Scratch said for teachers to feel comfortable teaching about racism in their classrooms, they need dedicated, ongoing professional development to help uncover unconscious biases, acknowledge them and learn from the process.
“If we’re going to be real about anti-racist education, the curriculum is one piece of it, but it’s a much more systemic issue that we need to uncover,” Scratch said.
According to Lindstrom, though, it’s also about a fundamental change to the way students learn about the diverse background of the province and country.
“We also need collaboration with… members of the community, we need more oral systems, Indigenous oral systems paralleled with, with Western learning systems,” she said.
“It’s not just about the content, it’s about the relationships and the pedagogical strategies that are incorporated into the classroom.”
Lack of confidence in curriculum review
The public school curriculum is currently under review, but there is a lack of confidence the new teaching guidelines will go far enough in addressing racism education.
“The UCP government comes from a point of view that education should be neutral and objective, which is philosophically, realistically impossible. There’s no knowledge that’s just neutral or objective,” Scratch said.
“I’m concerned that issues like climate change, issues like anti-racism, anything to do with social justice will be clouded, completely absent or be very watered down in the curriculum.”
Lindstrom said the UCP has a “tremendous opportunity” with the review, adding real change “requires a lot of humility and it requires collaboration, and it’s essentially a paradigm shift.”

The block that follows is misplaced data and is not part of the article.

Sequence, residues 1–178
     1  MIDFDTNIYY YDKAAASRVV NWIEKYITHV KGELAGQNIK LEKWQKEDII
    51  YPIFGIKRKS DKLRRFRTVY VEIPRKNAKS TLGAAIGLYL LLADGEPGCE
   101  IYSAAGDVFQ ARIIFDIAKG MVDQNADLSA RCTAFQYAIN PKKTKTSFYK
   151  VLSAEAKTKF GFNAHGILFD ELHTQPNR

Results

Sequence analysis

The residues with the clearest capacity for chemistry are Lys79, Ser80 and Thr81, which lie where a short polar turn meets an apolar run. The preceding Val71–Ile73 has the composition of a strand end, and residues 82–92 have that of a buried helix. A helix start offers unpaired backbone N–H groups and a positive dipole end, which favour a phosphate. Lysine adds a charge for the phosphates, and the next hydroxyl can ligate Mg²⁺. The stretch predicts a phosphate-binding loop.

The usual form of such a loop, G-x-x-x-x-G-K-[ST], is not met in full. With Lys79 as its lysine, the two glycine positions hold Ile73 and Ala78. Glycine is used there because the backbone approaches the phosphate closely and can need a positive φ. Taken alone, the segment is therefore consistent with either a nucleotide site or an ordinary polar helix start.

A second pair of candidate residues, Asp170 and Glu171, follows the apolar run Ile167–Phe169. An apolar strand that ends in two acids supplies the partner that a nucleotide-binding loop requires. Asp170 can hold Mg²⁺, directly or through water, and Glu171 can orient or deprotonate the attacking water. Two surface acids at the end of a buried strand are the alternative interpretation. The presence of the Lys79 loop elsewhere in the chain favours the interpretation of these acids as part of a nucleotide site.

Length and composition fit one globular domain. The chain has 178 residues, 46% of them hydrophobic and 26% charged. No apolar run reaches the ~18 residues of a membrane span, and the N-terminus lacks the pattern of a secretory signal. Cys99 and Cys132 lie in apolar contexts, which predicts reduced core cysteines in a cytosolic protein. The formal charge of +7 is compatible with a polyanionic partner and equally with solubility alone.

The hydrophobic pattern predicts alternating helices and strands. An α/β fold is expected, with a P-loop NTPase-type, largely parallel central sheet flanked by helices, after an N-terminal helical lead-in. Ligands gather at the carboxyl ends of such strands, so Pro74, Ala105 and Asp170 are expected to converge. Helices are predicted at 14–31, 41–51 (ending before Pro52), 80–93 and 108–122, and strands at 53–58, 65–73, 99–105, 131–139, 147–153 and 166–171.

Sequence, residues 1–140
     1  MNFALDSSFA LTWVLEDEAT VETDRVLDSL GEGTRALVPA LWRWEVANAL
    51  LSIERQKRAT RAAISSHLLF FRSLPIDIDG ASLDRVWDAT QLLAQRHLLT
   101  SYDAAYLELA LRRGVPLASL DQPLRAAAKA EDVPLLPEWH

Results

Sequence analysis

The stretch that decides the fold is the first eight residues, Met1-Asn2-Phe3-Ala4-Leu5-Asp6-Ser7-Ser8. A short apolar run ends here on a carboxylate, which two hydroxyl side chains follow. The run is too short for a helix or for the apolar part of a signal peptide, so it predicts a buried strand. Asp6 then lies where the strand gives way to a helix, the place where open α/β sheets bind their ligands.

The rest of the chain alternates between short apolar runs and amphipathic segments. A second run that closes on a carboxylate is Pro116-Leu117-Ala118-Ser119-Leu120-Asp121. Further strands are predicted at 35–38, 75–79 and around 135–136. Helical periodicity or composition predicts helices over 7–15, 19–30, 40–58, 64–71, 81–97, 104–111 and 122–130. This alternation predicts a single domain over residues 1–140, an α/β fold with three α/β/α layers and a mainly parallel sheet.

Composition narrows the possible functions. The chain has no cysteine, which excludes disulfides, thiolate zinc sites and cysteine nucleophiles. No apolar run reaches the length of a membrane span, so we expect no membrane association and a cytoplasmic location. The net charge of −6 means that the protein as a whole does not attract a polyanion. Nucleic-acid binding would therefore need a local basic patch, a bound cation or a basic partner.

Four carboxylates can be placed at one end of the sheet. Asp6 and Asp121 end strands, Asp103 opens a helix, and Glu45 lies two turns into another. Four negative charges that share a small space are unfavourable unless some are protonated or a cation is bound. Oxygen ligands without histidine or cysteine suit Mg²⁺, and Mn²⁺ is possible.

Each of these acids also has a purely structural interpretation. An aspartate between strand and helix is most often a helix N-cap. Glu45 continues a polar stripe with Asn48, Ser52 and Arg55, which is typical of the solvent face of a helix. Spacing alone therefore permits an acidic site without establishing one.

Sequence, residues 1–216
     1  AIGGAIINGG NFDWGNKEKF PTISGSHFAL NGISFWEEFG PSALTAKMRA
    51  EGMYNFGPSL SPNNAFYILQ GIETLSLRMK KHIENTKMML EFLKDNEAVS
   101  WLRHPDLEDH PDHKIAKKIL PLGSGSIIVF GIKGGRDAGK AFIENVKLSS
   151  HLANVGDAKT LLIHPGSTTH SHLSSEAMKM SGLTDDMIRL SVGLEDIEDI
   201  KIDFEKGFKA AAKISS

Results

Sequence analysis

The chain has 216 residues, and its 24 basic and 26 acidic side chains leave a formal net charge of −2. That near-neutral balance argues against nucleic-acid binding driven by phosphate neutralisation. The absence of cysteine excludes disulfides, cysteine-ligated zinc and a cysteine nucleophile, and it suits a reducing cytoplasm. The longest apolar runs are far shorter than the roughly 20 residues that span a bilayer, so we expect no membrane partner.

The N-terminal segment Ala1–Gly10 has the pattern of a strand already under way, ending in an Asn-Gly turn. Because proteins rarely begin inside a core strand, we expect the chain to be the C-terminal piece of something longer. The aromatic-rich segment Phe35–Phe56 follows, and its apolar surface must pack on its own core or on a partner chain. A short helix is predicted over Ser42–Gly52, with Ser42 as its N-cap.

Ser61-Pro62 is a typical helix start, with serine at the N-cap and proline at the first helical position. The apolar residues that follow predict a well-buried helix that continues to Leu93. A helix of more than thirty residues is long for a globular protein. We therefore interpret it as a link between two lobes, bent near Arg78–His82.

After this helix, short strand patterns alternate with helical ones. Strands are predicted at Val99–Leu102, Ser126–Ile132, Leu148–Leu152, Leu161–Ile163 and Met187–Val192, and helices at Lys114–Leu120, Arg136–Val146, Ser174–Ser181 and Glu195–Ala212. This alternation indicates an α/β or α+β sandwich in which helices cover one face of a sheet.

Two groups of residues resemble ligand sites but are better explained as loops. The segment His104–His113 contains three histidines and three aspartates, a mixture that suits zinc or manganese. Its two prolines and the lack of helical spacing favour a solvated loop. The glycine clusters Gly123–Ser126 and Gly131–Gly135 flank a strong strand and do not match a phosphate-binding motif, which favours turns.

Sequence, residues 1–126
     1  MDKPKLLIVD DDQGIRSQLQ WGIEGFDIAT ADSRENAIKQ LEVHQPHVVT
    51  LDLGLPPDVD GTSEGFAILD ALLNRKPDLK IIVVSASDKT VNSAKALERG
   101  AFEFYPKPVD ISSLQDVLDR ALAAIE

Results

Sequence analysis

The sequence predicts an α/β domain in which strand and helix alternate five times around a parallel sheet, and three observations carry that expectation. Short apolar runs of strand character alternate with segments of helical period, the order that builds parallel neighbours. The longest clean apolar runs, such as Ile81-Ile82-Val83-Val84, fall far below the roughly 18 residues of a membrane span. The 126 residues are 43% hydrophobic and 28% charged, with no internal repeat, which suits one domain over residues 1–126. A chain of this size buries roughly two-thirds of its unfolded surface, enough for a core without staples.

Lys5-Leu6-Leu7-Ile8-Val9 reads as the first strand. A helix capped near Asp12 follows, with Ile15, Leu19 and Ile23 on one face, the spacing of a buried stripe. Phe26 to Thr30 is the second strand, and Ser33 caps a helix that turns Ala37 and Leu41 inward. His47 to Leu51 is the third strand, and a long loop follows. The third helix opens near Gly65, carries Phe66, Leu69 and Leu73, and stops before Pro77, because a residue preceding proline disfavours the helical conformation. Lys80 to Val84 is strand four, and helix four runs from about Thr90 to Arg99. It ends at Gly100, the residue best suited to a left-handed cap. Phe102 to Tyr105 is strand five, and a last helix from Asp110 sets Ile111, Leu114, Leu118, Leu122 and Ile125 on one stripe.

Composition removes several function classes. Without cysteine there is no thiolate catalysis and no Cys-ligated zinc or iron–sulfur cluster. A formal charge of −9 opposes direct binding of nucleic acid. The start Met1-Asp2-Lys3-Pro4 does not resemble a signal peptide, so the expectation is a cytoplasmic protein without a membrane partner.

While she’s hopeful, Lindstrom said she’s not confident the UCP will unveil a curriculum that’s sufficient to bring that shift to the way students learn and teachers teach.
“The UCP is cutting higher education, they’re doing all of these things — cut here and there,” she said.
“And so, if if I’m going to be completely honest, no, I am not confident in the UCP government to do these changes.”
In an emailed statement to Global News, press secretary for Alberta Education Colin Aitchison said “Albertans can be confident” the new K-12 curriculum will cover racism as well as Black history and perspectives.
“It will continue to address concepts, topics and issues related to anti-racism, particularly in social studies and wellness education,” he said.
“Concepts, topics and issues related to anti-racism, diversity and pluralism may also be addressed in other subject areas such as English Language Arts.”
Education Minister Adriana LaGrange met recently with people behind a petition regarding anti-racism in the curriculum, Aitchison where she heard about their experiences and suggestions on what should be included in the new teaching materials.
Aitchison added Alberta teachers were also encouraged to participate in the Respect in School program available through the Respect Group, which “educates school system employees on their responsibilities to ensure students are safe from abusive situations, including equipping them with knowledge to help prevent racism in school.”